Thousands March in St. Louis Demanding Justice, End to Police Violence

Written by on October 12, 2014 in Activism, Conscious Living with 2 Comments
image_pdfimage_print

Jon Queally | Commondreams

Photo: Light Brigading

Photo: Light Brigading

Several thousand community members marched alongside activists from around the country in downtown St. Louis on Saturday as they demanded attention be paid to a national trend of police violence and called for justice in the case of Michael Brown, a local unarmed black teenager who was shot and killed by a white police officer, Darren Wilson, in the suburb of Ferguson on August 9th.

Though more than two months have now gone by, local citizens and their allies from across the country expressed anger, frustration, and sadness that so far no charges have been brought against Officer Wilson. “Arrest him now! Arrest him now!” was both a stated demand and a chanted refrain during the march.Protesters march towards Kiener Plaza during the Ferguson October march in downtown St. Louis on Saturday, October, 11, 2014. Thousands of people took part in the march down Market Street and rally in Kiener Plaza. (Photo: David Carson/ St. Louis Post Dispatch)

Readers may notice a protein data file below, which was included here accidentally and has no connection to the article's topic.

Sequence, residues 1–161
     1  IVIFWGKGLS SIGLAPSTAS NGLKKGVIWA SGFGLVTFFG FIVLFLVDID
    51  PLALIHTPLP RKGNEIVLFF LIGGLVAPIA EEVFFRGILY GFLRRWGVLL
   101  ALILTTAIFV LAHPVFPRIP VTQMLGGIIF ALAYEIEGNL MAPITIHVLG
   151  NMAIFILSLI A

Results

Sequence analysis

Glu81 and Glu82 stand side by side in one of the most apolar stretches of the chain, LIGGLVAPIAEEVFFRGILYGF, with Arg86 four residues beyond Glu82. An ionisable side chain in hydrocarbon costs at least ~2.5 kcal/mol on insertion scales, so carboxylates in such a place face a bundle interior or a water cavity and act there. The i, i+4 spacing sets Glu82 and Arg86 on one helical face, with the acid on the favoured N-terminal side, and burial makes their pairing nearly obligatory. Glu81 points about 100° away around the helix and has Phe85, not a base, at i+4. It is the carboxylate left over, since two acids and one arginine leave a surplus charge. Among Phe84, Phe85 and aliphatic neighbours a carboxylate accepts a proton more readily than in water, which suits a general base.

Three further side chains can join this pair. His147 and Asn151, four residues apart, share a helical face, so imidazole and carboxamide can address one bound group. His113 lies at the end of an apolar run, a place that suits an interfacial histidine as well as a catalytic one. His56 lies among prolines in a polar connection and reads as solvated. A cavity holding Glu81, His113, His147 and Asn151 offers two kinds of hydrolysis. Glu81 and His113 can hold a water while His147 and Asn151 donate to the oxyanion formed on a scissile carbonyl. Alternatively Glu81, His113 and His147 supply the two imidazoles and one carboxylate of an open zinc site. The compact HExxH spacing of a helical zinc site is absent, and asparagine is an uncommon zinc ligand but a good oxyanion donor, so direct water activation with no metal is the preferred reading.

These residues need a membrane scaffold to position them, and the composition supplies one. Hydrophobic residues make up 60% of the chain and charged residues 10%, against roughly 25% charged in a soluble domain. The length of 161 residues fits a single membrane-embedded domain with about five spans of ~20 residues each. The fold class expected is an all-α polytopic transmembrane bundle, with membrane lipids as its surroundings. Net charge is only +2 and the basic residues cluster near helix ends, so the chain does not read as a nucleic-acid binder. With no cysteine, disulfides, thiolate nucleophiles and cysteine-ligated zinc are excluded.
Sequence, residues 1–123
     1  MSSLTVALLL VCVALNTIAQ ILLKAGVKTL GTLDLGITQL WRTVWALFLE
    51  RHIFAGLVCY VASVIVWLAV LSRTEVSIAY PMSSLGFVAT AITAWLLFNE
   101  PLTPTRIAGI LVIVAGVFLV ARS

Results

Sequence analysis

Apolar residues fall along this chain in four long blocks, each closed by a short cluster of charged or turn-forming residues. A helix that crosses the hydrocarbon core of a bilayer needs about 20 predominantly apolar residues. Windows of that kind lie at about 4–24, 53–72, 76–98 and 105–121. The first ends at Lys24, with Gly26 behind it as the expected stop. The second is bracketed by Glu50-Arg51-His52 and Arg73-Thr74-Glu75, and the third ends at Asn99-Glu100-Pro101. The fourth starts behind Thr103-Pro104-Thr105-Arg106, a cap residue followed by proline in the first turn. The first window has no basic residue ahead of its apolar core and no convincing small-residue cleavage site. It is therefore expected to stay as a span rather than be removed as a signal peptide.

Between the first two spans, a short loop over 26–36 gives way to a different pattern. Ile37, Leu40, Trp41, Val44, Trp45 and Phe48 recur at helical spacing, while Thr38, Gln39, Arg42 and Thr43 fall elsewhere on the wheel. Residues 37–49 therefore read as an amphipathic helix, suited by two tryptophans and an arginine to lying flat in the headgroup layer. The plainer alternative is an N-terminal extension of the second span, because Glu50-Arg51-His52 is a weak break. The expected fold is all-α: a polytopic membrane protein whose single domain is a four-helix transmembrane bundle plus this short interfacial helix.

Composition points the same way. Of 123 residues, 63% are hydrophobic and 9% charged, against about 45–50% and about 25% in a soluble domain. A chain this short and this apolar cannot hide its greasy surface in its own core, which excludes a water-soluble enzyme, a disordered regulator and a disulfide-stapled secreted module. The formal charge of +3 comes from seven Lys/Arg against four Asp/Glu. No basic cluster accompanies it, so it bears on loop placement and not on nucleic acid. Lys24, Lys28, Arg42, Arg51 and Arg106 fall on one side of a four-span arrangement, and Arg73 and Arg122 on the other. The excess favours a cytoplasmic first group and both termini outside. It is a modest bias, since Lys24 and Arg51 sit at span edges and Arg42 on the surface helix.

Part of a four-day convergence that organizers have called Ferguson October, the afternoon march brought forth a mix of messages that hinged on the racial politics of policing that have been exposed in a series of high-profile and shocking examples in recent months, with the case in Ferguson being only the most well-known.

As the New York Times reports:

They came from places far from Ferguson, Mo., states like California, New York and Oregon. And while the story of a white police officer’s shooting of an unarmed black teenager in Ferguson in August was what drew throngs of people to the St. Louis area for a weekend of protest, some also came with sweeping messages about income inequality and the minimum wage, race relations, immigration policy and distrust about police procedures nationwide.

“The killing of innocent black youth is systemic,” said Adeline Bracey of Chicago, who marched here on Saturday in a crowd of demonstrators down the middle of Market Street, not far from the Gateway Arch. “It has to stop — everywhere.”